Hermitage ordered to pay member $1M
NEWFANE — Hermitage Club founder Jim Barnes and Hermitage Inn Real Estate Holding Company LLC have been ordered to pay a club member more than $1 million for breach of contract.
Judge Robert Gertey issued the order for default judgement for Douglas Hollenbeck of Rhode Island to receive about $1,000,975. Gerety said the evidence shows Hollenbeck paid $1 million for a club membership then bought five memberships as an investment with "a promise by defendants to convey one of two parcels of real estate."
Hollenbeck sought damages for the five memberships, which the court said "have no value today." The Hermitage's private ski resort, golf course and establishments have been closed since last year following a foreclosure complaint brought upon by Berkshire Bank and the state's shutdown of properties for failure to pay taxes.
"The measurement of damages is difficult in this case," Gerety wrote in a decision issued late last month.
Gerety said a "reasonable way" to look at the case is to subtract $10,000, which Hollenbeck used in "credits" for Hermitage activities from the membership before the Hermitage went out of business, from the $1 million spent on the initial membership, then add about $10,975 in attorney's costs and fees. Exemplary damages were not granted since the evidence presented in the claim for consumer fraud was deemed "not sufficient to show malice, ill will, or wanton conduct."
Hollenbeck asked the court to transfer property to him through an injunction. But the court found that "the defendants do not have the present ability to convey either of the referenced parcels."
"One referenced parcel has been sold to an apparently bona fide purchaser," Gerety wrote. The other "was not described in a manner that permits the court to make a finding of precisely what parcel of property was promised."
According to testimony from a previously reported hearing in March, the deal included an undeveloped parcel in High Country Trailside with the stipulation that if permitting fell through, Hollenbeck could get property in Stag's Leap, which is below the Clubhouse on the lower mountain and also offers ski in/ski out abilities. Hollenbeck said the Stag's Leap lot had already been sold.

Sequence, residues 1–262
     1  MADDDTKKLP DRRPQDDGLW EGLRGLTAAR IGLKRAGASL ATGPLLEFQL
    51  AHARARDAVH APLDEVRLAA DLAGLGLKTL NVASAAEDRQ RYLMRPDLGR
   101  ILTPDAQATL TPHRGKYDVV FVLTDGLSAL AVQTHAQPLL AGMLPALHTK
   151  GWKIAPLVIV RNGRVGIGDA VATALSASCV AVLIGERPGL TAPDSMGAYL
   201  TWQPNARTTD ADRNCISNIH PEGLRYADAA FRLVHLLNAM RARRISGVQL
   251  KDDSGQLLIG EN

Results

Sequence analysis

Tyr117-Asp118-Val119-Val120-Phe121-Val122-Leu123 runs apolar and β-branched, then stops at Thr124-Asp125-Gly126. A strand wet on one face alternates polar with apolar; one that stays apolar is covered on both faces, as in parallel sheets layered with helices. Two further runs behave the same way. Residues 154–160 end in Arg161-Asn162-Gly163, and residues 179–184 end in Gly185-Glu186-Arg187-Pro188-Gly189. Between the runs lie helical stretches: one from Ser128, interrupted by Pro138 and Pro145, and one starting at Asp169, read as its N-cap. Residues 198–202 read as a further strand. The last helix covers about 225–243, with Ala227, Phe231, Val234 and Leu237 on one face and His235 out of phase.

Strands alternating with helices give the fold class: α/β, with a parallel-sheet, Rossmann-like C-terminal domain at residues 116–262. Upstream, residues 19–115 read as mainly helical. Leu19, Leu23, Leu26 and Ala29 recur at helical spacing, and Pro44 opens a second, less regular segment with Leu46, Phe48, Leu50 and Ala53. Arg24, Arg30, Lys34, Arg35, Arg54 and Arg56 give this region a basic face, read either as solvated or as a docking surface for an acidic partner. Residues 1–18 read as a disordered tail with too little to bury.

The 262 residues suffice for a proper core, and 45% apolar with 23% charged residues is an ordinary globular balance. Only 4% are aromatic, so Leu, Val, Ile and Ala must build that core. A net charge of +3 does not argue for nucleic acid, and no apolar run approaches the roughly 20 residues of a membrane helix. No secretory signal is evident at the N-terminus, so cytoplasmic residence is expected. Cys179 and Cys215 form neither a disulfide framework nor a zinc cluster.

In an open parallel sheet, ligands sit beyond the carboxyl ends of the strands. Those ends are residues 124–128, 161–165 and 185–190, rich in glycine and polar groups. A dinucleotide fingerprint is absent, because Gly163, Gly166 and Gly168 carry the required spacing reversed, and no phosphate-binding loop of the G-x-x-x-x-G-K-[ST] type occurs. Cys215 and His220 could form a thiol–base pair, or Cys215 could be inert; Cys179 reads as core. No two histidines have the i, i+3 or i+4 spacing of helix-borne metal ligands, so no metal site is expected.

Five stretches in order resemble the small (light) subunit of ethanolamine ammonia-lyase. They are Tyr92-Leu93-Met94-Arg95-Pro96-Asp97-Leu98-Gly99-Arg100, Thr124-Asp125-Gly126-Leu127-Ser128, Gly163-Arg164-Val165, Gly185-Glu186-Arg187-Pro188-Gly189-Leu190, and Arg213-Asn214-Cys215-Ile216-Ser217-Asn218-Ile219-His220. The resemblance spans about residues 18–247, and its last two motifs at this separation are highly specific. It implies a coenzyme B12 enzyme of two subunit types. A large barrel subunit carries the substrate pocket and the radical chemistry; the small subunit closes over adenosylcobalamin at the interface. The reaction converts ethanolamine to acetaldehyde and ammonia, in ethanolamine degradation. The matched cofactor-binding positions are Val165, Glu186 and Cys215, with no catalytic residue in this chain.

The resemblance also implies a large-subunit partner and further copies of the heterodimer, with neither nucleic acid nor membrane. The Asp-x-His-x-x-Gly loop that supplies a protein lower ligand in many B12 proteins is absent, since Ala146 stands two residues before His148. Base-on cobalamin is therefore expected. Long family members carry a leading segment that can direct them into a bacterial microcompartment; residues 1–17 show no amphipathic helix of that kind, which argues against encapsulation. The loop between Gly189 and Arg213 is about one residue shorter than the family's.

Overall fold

He asked the court to consider making a monetary judgement related to the property issue. But the court said it could not "make a finding of fact regarding the value of one of the two parcels because the parcel did not exist at the time of the contract and the parcel described was never in existence."
Hollenbeck's opinion on the value of the properties, Gerety said, "is not persuasive or credible because no specific information about the nature of the parcel was provided."
The other parcel was sold "to an apparently innocent third party for $525,000," Gerety wrote, noting that the sale price represents the fair market value of the property in June 2017.
His decision and order, signed by Assistant Judge Patricia Duff and Assistant Judge Lamont Barnett, notes that the defendants did not appear at a hearing on the motion for default judgment held in Windham Superior Court, Civil Division in March.
"The court finds that the defendants failed to disclose the poor financial condition of the defendants at the time and the poor financial condition of the development project and that the information withheld about financial condition was material to the transactions with plaintiff which involved investments of substantial sums of money in the recreational development project," Gerety wrote. "The failure to disclose known material information constituted an unfair or deception act by defendants within the meaning of the Consumer Fraud Act."
Reach staff writer Chris Mays at email@example.com, at @CMaysBR on Twitter and 802-254-2311, ext. 273.
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